BIPOC Community Page -- How to Gossip about yourself

This is a great question, and exactly what this How to Make it in Show Biz thing is all about:

When you get a job how much do you share and with whom? There is no right answer because every gig is going to be different.

NDA or not - there is a general feeling that loose lips sink ships and no one likes a gossip. Except that everyone loves a gossip and loose lips haven’t sunk anything since World War II.

It’s cool to tell folks you are employed - and if it’s a 1/2 hour or hour or web, comedy or drama, kids or primetime, and what your job title is. You don’t owe anyone anything other than that. If they have follow-up questions it’s time to play coy and anyone in the biz will understand. Anyone not in the biz or new to the biz might push, but you’ll use your judgment and only share what’s needed. While it’s ok to make mistakes, it’s better to err on the side of caution, particularly within the first 5 years of show bizzing.

Anyone who has been in the business for a time will understand that you don’t want to tell all, they might even say that - it doesn’t matter - and - I know what’s going on in town - or - I want to know who else I know on your show - but I mean this for every situation you will ever find yourself in, in business and in life, don’t cave to pressures, man. Only share what you’re comfortable with.

If the show you’ve working on has been announced or it’s a show that’s been renewed, things get a little muddy. Take the lead from your Showrunner/Producer and the folks you work with.

In General:

For Writers - a Development Room is secret, a Writer’s Room is grey zone and once you’re in Production you’re clear to go.

For Crew & Production Teams - Prep and pre-production is hush, once you’re in Production you’re in the grey, and Post is cool.

But to answer Keavy Lynch specific questions:

1)You're working in a room, and a coworker asks about your previous rooms - can you say what producers they were with? Can you say which writers you were working with? The titles?

You’re in the protective zone of employment. Share what you feel comfortable with.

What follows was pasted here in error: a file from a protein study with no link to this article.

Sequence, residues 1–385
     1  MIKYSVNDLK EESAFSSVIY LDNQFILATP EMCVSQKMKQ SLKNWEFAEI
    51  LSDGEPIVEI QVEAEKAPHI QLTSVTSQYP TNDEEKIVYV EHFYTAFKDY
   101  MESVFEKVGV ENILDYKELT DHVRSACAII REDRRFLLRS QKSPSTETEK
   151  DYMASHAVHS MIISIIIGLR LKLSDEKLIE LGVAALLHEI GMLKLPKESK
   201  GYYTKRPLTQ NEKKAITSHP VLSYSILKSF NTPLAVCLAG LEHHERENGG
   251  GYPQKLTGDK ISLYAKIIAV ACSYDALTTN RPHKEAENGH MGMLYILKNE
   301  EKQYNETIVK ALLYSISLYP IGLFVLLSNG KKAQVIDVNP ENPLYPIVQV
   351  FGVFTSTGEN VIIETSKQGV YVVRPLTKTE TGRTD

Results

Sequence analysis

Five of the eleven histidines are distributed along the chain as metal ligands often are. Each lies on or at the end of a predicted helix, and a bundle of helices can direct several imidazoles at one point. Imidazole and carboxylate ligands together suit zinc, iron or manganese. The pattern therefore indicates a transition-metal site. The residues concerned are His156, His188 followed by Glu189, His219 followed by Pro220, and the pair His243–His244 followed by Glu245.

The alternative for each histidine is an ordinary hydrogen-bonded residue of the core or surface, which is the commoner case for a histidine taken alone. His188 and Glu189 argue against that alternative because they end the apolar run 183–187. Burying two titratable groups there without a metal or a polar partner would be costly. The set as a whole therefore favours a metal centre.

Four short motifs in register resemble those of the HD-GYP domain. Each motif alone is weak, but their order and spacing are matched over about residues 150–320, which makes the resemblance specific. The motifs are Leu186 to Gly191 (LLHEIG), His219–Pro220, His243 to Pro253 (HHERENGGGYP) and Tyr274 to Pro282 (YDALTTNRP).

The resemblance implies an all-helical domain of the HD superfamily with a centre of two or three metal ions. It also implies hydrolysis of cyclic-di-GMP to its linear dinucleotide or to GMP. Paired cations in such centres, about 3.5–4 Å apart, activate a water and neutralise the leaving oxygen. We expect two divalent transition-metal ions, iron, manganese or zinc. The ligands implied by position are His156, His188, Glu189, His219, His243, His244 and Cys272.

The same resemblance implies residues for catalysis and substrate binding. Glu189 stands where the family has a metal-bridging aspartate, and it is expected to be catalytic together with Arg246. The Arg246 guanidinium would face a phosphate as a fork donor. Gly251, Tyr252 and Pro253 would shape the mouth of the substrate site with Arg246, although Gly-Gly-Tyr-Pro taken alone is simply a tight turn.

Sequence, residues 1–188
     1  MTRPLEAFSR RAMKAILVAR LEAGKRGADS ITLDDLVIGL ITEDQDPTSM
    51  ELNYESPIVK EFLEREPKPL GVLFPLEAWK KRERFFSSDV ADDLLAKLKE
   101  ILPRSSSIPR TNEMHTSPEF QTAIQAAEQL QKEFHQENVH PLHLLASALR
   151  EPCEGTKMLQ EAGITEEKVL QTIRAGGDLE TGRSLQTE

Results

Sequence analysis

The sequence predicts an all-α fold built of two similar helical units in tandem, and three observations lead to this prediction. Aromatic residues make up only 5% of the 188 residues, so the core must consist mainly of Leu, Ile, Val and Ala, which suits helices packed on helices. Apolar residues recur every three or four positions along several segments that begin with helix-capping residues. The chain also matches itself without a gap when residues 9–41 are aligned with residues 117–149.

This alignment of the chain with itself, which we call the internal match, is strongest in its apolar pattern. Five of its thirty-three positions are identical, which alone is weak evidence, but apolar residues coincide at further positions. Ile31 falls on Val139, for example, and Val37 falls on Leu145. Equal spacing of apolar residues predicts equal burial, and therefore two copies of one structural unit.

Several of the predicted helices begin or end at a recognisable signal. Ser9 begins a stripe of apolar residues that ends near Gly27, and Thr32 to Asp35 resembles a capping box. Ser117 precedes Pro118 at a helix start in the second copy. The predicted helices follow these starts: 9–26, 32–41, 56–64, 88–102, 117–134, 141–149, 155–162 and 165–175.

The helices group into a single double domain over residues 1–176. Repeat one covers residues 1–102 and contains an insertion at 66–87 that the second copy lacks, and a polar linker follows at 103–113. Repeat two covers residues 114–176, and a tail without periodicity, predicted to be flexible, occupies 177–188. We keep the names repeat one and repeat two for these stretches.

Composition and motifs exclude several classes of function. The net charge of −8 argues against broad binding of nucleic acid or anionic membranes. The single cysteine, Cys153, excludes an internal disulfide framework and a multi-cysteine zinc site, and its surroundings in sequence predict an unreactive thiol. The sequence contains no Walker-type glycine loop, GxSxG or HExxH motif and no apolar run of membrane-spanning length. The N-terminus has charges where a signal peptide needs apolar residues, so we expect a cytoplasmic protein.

2) You're working in a room, the producer knows about previous/current rooms you're in and mentions one - is this now open for conversation in the larger room?

Yes, but consider everything you say quotable. Co-workers want to know what it was like to work with this person or that, think about what it would sound like if it got back to them.

3) I recently worked in a development room for season 2 of a series - can I tell people about that room, since the project is out there (even though s2 development hasn't been announced)?

I’d hold off. Wait until it’s been announced.

4) You're applying for a contest, and need to submit a resume - do you list the details of your previous jobs?

Yes! A resume is different, you signed a contract, you gathered the paycheck, you did the work. Get it on there! Every gig you get goes on your resume, even if a development room never gets a greenlight.

5) Also, when / how much can I post about these things on social media - for instance, LinkedIn?

It should go on your LinkdIn and IMDb when the job is over. Instagram etc. take the lead from your producers, coworkers and showrunner.

The most important thing is to keep confidential what actually happens IN THE ROOM. The Room should be considered a Safe Space. In the past, or in your current situation. This is where people don’t like gossips…

But I want to leave you with something very important, and the hardest part about the etiquette: LISTENING TO CO-WORKERS talk about folks you worked with:

Loose lips might sink ships in this case. People love to tell stories about their past gigs, their worst coworkers - you might have opinions yourself. Yours might conflict with theirs. My best advice is to keep your mouth shut and your ears open. When it comes to a ding dong crossing the line and saying something bad about one of your friends nothing says more than direct eye contact and a little smile.

The good thing is that this feeling is temporary, the closer we get to our 10 thousand hours, the more we get to know everyone in the biz, and the more folks get to know us the mud clears up and it’s easier to tell what you can and can’t say.

Gillian MullerComment